Greek philosopher who was a student of Plato and became a famous teacher wrote about and taught logic politics science and poetry his works became basis for medieval church scholarship Aristotle
an ancient city-state in Greece Sparta
a city in the Attic Peninsula where the Greeks defeated the Persians in 490b.c Marathon
427–347 b.c., Greek philosopher Plato
a literary work such as a play that tells a story and is written to be performed by actors drama
a dialect of ancient Greek spoken on Rhodes and other islands of the Dodecanese, in Crete, in Syracuse, and in all of the Peloponnesus except Arcadia. Doric
a country reigned over by a king, prince, or other monarch Monarchy
Mount, a mountain in NE Greece, on the boundary between Thessaly and Macedonia: mythical abode of the greater Grecian gods. 9730 ft. (2966 m). Mt. Olympus
the supreme deity of the ancient Greeks, a son of Cronus and Rhea, brother of Demeter, Hades, Hera, Hestia, and Poseidon, and father of a number of gods, demigods, and mortals; the god of the heavens, identified by the Romans with Jupiter. Zeus
an island off the SE coast of Greece, W of Athens, in the Gulf of Aegina: Greeks defeated Persians in a naval battle 480 b.c. 20,000; 39 sq. mi. (101 sq. km). Salamis
Classical Mythology . a king of Mycenae, a son of Atreus and brother of Menelaus. He led the Greeks in the Trojan War and was murdered by Clytemnestra, his wife, upon his return from Troy. Agamemnon
a Hebrew unit of capacity equal to ten baths in liquid measure or ten ephahs in dry measure. Homer
an oval or round building with tiers of seats around a central open area, as those used in ancient Rome for gladiatorial contests. Amphitheater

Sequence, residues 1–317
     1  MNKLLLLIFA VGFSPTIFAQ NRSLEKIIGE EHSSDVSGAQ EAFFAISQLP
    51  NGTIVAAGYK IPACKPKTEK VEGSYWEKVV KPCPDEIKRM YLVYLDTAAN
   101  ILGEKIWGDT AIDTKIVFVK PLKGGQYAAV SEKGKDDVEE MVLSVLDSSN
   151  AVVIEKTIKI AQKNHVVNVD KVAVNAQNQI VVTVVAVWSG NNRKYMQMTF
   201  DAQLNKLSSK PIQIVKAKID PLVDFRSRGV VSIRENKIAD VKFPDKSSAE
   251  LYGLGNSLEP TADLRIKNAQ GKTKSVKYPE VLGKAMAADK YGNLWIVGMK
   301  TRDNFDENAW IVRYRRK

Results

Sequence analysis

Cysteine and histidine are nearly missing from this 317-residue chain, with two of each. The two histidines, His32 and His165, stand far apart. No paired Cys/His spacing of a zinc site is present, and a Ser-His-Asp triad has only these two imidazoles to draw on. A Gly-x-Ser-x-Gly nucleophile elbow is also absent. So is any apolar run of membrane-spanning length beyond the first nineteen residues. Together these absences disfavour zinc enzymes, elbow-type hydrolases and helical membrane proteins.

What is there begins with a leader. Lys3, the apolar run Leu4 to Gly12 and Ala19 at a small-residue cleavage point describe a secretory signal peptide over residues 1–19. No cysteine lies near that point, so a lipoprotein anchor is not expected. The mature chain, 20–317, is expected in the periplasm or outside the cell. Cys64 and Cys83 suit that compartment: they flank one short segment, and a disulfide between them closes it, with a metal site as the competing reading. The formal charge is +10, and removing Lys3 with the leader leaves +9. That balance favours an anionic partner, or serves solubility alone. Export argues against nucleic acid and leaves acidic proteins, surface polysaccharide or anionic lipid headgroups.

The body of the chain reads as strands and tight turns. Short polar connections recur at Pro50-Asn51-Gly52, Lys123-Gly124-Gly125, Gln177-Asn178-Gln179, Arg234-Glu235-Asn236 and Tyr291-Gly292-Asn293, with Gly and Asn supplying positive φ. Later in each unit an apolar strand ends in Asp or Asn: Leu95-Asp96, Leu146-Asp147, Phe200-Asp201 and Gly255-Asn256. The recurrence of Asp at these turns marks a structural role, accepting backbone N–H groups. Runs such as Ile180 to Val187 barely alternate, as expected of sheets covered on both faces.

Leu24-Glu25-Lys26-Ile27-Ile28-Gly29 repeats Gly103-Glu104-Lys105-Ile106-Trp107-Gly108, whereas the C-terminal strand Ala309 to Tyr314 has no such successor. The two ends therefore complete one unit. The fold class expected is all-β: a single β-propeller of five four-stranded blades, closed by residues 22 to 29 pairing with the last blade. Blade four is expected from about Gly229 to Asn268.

Sea of, a part of the S Aegean Sea lying between the Cyclades Islands and Crete. crete
the greatest Greek warrior in the Trojan War and hero of Homer's Iliad. He killed Hector and was killed when Paris wounded him in the heel, his one vulnerable spot, with an arrow. achilles
a pass in E Greece, between the cliffs of Mt. Oeta and the Gulf of Lamia: Persian defeat of the Spartans 480 b.c. Thermopylae
of or pertaining to the ancient civilization of the island of Crete, dating from about 3000 to 1100 b.c. Minoans
of or pertaining to ancient Troy or its inhabitants. Trojans
a form of government in which citizens govern themselves democracy
an epic poem attributed to Homer, describing Odysseus's adventures in his ten-year attempt to return home to Ithaca after the Trojan War. odyssey
a Greek epic poem describing the siege of Troy, ascribed to Homer. Iliad
Greco-Roman mathematician; known for the Elements, a book on geometry Euclid
king of Persia who reigned 486-465 B.C.E., Gk. Xerxes , from O.Pers. Xayaran, lit. "male (i.e. 'hero') among kings," from Xaya- "king" (cf. shah) + aran "male, man." The Heb. rendition was Ahashwerosh, Ahashresh. Xerxes
it's a type of column that has nice decorating at the top Corinthian
the large sea that separates Europe ans Africa Mediterranean Sea
Physiology . the conversion of absorbed food into the substance of the body. assimilation
died 480 bc , king of Sparta (?490--480), hero of the Battle of Thermopylae, in which he was killed by the Persians under Xerxes Leonidas
1870–75; < Hindi siris, siras; cf. Skt śirīṣa Sirisa
the ancient Greek chthonian goddess of agriculture and the protector of marriage and the social order, identified by the Romans with Ceres. She presided over the Eleusinian mysteries. Demeter